Lymphocyte migration is at the heart of chronic inflammatory ailments, including inflammatory bowel disease (IBD). Whereas naïve lymphocytes migrate to all secondary lymphoid organs, they are mostly excluded from nonlymphoid peripheral tissues. Upon activation, lymphocytes change their pattern of adhesion receptors and acquire the capacity to migrate to extralymphoid tissues. Antigen-experienced T cells are subdivided into different subsets based on their expression of homing receptors that favor their accumulation in specific tissues, such as the skin and the gut mucosa. B cells and antibody-secreting cells (ASC) also show tissue-tropism, which is somewhat correlated with the class of immunoglobulin that they produce. In fact, IgA-ASC are located in mucosal tissues, where they produce IgA, the main class of antibodies found in secretions. Although IgA-ASC are usually considered as a homogeneous pool of cells, those located in the small bowel have some unique migratory characteristics, suggesting that they are generated under different conditions as compared to IgA-ASC in other mucosal compartments. Foxp3+ regulatory T cells (TREG) can also exhibit tissue-specific migratory potential and recent evidence suggests that TREG can be imprinted with gut-specific homing. Moreover, foxp3+ TREG are enriched in the small bowel lamina propria, where they can be generated locally. The present review addresses our current understanding of how tissue-specific homing is acquired and modulated on T cells, B cells, and ASC, with a special emphasis on the intestinal mucosa. Harnessing these mechanisms could offer novel, effective, and more specific therapeutic strategies in IBD.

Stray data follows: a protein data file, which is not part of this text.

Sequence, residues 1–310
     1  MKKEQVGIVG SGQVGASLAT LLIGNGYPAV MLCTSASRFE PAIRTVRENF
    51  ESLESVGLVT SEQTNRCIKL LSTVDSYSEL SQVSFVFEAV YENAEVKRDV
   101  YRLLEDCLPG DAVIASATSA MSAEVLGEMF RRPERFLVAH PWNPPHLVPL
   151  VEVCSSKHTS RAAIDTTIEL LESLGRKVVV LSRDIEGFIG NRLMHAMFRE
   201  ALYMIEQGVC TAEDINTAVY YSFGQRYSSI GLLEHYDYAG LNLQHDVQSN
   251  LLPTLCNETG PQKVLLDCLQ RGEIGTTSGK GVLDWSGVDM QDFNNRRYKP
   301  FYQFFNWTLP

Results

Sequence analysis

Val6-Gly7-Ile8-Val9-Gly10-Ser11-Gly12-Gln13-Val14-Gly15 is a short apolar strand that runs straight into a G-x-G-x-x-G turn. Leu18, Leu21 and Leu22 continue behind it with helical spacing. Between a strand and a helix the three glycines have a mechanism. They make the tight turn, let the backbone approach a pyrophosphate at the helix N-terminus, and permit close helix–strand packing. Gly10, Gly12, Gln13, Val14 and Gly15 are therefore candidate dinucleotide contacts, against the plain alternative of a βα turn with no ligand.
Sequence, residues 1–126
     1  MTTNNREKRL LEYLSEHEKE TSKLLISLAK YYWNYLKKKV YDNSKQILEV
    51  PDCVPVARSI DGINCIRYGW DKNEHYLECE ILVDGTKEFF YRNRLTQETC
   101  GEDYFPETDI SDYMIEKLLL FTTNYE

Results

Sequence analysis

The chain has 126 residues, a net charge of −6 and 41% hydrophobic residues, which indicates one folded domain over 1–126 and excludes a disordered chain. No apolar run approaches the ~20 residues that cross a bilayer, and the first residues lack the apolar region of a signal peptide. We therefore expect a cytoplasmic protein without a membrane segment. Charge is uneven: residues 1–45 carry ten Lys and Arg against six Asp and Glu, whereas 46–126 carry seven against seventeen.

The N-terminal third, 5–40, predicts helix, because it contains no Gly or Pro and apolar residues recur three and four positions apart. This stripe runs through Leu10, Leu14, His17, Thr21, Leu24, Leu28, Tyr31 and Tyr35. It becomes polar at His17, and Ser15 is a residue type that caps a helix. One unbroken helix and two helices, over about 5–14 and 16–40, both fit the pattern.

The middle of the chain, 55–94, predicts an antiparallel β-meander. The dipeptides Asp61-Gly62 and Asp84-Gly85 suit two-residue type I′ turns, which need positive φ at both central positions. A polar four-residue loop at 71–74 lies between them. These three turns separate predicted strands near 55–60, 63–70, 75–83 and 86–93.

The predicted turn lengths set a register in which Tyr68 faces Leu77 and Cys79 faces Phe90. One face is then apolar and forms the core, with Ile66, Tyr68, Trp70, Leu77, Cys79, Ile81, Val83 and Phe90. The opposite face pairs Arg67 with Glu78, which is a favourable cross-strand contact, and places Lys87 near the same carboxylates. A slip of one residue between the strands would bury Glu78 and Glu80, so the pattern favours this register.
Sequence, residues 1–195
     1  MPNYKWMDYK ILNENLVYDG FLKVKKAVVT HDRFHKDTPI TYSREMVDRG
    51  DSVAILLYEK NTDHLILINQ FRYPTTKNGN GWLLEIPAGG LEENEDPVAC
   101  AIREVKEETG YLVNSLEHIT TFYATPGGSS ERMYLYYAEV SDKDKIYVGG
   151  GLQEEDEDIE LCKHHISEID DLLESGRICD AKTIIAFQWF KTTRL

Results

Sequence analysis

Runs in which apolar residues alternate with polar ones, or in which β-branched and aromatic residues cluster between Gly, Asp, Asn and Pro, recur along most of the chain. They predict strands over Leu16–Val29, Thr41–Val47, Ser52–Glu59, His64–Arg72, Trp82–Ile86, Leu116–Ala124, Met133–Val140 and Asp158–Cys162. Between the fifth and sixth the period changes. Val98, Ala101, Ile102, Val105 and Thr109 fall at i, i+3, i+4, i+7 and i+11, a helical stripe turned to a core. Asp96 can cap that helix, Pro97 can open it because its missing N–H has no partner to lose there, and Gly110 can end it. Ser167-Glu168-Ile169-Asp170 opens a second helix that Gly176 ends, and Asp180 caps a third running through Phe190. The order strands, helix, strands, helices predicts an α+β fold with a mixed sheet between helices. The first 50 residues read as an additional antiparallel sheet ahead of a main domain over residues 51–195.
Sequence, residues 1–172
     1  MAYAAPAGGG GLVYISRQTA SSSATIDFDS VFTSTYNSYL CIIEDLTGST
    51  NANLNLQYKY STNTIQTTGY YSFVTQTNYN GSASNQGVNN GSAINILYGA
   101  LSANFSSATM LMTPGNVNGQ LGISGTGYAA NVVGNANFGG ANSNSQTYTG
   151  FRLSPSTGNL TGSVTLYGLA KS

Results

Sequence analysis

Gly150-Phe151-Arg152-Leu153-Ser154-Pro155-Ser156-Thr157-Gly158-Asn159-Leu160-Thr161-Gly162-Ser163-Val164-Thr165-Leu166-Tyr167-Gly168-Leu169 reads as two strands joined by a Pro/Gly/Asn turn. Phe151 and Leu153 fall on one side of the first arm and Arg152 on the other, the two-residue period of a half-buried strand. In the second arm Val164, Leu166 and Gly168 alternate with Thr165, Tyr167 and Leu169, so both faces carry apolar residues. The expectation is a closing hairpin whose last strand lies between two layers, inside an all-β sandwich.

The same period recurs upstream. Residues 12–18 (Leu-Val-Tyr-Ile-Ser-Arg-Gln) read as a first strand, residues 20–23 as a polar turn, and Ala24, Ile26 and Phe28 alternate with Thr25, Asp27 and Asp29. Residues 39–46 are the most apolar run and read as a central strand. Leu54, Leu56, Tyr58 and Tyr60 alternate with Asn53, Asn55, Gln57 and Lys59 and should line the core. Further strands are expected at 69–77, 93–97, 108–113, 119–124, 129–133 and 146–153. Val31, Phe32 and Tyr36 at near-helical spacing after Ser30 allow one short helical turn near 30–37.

(Inflamm Bowel Dis 2007)